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Factors related to the experience of situations: Time of day, gender, and employment status

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Date Issued:
2016
Summary:
Throughout the course of a day, individuals experience a number of different situations that affect how they think, feel, and behave. However, until recently, there was little research aimed at describing what factors may be related to the psychological properties of situations in individuals' everyday lives. Recent theoretical (e.g., the Situational Eight DIAMONDS) and methodological (e.g., experience sampling, Day Reconstruction Method) advances make the present research tractable. Based on the extant literature, three studies, employing different methodologies, were designed to explore whether three specific factors are related to the experience of situations: time of day, gender, and employment status. Study 1 employs data from 835 participants recruited on Amazon's Mechanical Turk (AMT). Participants reported a recent situation (single time-point method) and completed a 290-item measure of situations, the Comprehensive Situations Item Pool (CSIP). The results demonstrated consistent daily patterns in the experience of situations. For example, the situational characteristic Duty tends to increase throughout the day, peak at noon, decreasing thereafter. Study 2 uses an experience sampling method to further investigate the daily and weekly temporal patterns in the situational characteristics from a within-person perspective. University participants (N = 210) were contacted via smartphone and rated their situation up to 8 times per day for 7 days. The results showed that there are some similarities and differences in the temporal pattern of situations at the within-person level. Duty, for instance, exhibits a different pattern depending on the day of the week (e.g., negative and linear on weekends, but quadratic on weekdays). Overall, Study 2 demonstrates that there are clear within- and between-day patterns in situation characteristics. Lastly, Study 3 employs a full-day method using archival data from the 2013 American Time Use Survey (ATUS). Participants drawn from a representative sample of Americans (N = 11,384) reported all of their situations for a recent day using the Day Reconstruction Method. The results found that, in addition to consistent daily and weekly trends, patterns for situation characteristics are related to individual differences such as gender and employment status.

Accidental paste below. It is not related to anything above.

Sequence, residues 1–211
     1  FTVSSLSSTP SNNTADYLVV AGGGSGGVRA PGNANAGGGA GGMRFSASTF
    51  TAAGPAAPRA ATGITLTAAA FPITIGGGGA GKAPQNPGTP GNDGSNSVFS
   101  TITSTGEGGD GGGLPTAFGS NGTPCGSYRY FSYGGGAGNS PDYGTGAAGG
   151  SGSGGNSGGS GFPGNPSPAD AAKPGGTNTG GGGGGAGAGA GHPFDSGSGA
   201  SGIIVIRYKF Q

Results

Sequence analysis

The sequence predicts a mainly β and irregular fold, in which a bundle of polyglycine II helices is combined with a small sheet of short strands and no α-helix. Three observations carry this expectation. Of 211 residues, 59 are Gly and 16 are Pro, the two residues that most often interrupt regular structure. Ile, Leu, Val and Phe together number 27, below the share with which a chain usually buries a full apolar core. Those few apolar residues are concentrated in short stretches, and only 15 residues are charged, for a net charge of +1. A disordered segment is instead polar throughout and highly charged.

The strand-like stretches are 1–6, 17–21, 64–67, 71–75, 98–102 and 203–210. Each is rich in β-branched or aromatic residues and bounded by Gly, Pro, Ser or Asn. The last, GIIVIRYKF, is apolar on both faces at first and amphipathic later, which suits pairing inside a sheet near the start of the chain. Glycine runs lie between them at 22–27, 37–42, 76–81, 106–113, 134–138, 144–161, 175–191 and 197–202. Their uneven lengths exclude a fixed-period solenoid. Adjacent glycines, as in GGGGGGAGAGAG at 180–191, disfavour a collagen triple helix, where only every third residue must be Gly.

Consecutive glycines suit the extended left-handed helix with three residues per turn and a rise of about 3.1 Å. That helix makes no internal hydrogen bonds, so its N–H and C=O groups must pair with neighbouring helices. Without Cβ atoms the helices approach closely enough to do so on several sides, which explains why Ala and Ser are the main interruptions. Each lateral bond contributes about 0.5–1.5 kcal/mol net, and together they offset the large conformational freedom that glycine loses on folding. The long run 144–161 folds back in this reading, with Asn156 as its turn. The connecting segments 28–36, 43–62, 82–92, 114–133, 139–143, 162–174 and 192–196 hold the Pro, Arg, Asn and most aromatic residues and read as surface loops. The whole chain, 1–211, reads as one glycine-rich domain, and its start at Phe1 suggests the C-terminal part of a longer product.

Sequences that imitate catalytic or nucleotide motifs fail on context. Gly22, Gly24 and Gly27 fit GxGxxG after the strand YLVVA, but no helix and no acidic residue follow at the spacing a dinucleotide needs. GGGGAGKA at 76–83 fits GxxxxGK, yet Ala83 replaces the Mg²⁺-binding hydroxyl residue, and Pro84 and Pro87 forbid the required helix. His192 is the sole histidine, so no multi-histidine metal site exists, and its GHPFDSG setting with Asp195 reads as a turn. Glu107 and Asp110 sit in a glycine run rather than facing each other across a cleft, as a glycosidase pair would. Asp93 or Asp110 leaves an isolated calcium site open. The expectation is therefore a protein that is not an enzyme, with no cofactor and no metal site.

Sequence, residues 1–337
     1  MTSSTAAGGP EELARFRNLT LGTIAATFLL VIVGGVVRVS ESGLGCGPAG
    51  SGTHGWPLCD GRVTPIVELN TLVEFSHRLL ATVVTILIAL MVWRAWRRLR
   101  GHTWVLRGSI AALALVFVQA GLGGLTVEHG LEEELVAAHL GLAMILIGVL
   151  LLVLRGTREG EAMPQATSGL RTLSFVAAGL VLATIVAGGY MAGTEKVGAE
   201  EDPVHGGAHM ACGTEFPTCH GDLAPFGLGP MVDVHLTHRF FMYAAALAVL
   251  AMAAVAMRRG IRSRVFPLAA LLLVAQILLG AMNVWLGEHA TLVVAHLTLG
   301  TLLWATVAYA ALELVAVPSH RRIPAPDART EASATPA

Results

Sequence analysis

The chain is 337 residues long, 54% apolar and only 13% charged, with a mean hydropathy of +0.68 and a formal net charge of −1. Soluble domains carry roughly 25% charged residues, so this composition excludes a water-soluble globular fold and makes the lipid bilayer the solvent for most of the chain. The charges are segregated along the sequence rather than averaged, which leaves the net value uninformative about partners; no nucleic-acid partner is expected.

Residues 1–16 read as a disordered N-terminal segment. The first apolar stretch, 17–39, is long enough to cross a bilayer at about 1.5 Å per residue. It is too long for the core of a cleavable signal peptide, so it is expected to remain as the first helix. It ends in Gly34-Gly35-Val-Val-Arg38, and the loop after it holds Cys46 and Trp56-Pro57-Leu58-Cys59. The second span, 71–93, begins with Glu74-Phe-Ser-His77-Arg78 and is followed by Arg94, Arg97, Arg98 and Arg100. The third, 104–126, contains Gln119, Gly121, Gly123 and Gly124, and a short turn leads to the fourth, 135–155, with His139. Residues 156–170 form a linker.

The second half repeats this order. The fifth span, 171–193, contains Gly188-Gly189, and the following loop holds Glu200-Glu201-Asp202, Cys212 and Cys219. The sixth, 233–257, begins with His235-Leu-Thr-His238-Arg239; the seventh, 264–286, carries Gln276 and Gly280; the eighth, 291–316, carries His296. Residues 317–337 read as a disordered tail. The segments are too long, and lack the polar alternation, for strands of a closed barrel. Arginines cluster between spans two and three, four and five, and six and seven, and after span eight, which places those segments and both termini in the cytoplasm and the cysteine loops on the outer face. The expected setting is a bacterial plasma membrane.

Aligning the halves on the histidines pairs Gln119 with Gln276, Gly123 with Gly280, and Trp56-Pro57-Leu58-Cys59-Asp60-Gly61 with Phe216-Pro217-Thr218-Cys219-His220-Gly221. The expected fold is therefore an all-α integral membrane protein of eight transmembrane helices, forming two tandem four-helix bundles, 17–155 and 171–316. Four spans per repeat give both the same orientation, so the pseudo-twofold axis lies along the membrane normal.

Title: Factors related to the experience of situations: Time of day, gender, and employment status.
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Name(s): Brown, Nicolas A, author
Sherman, Ryne A., Thesis advisor
Florida Atlantic University, Degree grantor
Charles E. Schmidt College of Science
Department of Psychology
Type of Resource: text
Genre: Electronic Thesis Or Dissertation
Date Created: 2016
Date Issued: 2016
Publisher: Florida Atlantic University
Place of Publication: Boca Raton, Fla.
Physical Form: application/pdf
Extent: 104 p.
Language(s): English